After earning a bachelor of arts degree in political science at Hampton University, Driggins worked as a White House intern, sparking an interest in policy. She attended Harris, thanks to a Woodrow Wilson National Fellowship in Public Policy and International Affairs. After graduating from Harris in 1995, she spent 20 years in Washington in the urban planning and development field, the last seven as director of citywide planning, where her enthusiasm and talent for creative placemaking were born. 

Driggins describes as game-changing her time as 2016 Loeb Fellow at Harvard University’s in Graduate School of Design. There she explored the intersection of design, civic engagement and creative placemaking through the lens of equity and inclusion.

David Roodberg is chair of the Washington Housing Conservancy.
David Roodberg is chair of the Washington Housing Conservancy.

Today she serves on the board of the Project for Public Spaces, a non-profit organization dedicated to building the place-making movement. And she chairs the board of the Gehl Institute, which provides a public life data protocol. 

This exceptional brew of experience loomed as Driggins prepared for a crucial meeting in December.

The Washington Housing Conservancy had identified its inaugural acquisition and Driggins was meeting with the building’s residents for the first time to begin the vital communication, engagement and collaboration work that would ultimately determine success.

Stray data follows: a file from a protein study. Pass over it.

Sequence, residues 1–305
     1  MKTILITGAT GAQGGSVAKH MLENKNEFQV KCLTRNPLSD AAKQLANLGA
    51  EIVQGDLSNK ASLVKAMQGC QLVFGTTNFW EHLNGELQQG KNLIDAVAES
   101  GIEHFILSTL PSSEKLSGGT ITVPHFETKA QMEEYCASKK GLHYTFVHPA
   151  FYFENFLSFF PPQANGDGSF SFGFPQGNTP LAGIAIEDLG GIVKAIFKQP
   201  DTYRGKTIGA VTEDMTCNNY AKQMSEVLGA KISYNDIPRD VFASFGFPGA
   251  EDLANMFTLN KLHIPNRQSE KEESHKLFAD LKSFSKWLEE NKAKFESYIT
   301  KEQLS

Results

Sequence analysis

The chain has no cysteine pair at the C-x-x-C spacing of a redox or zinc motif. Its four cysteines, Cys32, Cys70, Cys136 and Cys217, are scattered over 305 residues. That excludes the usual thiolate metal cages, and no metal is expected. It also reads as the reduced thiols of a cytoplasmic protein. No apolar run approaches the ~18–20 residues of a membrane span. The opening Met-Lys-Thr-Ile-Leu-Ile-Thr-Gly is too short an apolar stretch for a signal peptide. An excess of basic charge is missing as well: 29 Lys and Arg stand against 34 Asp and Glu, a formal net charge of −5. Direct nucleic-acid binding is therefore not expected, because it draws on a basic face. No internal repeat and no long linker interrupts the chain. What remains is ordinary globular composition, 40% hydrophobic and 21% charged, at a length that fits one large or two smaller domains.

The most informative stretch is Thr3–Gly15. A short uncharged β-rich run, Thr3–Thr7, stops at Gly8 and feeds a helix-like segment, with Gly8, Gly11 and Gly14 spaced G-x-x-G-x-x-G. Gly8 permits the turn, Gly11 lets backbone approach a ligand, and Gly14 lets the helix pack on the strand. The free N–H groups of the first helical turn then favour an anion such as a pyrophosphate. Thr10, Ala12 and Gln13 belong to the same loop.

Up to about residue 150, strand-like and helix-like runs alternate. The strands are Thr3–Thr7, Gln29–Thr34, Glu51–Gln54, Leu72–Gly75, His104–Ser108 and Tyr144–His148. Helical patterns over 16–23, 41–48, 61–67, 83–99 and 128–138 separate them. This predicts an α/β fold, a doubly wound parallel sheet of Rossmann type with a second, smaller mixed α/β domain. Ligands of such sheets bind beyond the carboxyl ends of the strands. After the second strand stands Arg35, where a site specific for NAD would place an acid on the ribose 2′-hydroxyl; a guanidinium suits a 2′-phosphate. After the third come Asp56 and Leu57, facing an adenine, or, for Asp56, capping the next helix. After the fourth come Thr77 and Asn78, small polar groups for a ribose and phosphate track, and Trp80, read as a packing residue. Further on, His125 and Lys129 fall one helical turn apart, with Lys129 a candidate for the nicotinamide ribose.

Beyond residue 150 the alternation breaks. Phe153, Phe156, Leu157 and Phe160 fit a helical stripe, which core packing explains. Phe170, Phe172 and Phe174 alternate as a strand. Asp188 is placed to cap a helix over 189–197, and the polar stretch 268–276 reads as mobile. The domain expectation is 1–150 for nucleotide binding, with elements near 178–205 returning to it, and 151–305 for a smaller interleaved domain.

“It came together quickly, so it really forced us to be crisp and clear about our message,’’ she said. “You have to build trust. We want people to see us as authentic, and an honest broker of information.’’ 

It will work if the residents are very much involved, Driggins believes.

A for-profit developer steps in and says, “This is what we will do.’’ The Conservancy, on the other hand, seeks to co-create. “It’s resident-driven engagement and resident-led social impact – what they want to see happen.’’   

That might involve parks, working with small businesses or child-care and after-school projects. “Everything is on the table,’’ she said.

Other cities are watching closely. Roodberg and Driggins are committed to sharing learnings and fully expect the model to scale.

 “San Francisco needed this yesterday,’’ Driggins said.